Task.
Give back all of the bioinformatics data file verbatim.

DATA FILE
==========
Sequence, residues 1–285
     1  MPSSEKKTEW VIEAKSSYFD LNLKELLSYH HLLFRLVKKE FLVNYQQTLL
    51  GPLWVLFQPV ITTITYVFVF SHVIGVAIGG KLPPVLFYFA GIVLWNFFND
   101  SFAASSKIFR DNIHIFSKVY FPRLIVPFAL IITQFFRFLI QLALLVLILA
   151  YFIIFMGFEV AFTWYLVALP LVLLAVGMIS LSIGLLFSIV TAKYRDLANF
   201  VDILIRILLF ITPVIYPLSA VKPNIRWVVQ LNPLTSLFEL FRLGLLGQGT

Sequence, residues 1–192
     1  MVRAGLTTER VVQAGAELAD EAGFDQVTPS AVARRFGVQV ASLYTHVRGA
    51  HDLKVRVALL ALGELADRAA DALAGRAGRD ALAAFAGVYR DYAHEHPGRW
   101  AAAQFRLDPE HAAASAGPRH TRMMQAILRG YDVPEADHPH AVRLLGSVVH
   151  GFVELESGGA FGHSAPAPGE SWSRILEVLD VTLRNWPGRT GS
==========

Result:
Sequence, residues 1–285
     1  MPSSEKKTEW VIEAKSSYFD LNLKELLSYH HLLFRLVKKE FLVNYQQTLL
    51  GPLWVLFQPV ITTITYVFVF SHVIGVAIGG KLPPVLFYFA GIVLWNFFND
   101  SFAASSKIFR DNIHIFSKVY FPRLIVPFAL IITQFFRFLI QLALLVLILA
   151  YFIIFMGFEV AFTWYLVALP LVLLAVGMIS LSIGLLFSIV TAKYRDLANF
   201  VDILIRILLF ITPVIYPLSA VKPNIRWVVQ LNPLTSLFEL FRLGLLGQGT

Sequence, residues 1–192
     1  MVRAGLTTER VVQAGAELAD EAGFDQVTPS AVARRFGVQV ASLYTHVRGA
    51  HDLKVRVALL ALGELADRAA DALAGRAGRD ALAAFAGVYR DYAHEHPGRW
   101  AAAQFRLDPE HAAASAGPRH TRMMQAILRG YDVPEADHPH AVRLLGSVVH
   151  GFVELESGGA FGHSAPAPGE SWSRILEVLD VTLRNWPGRT GS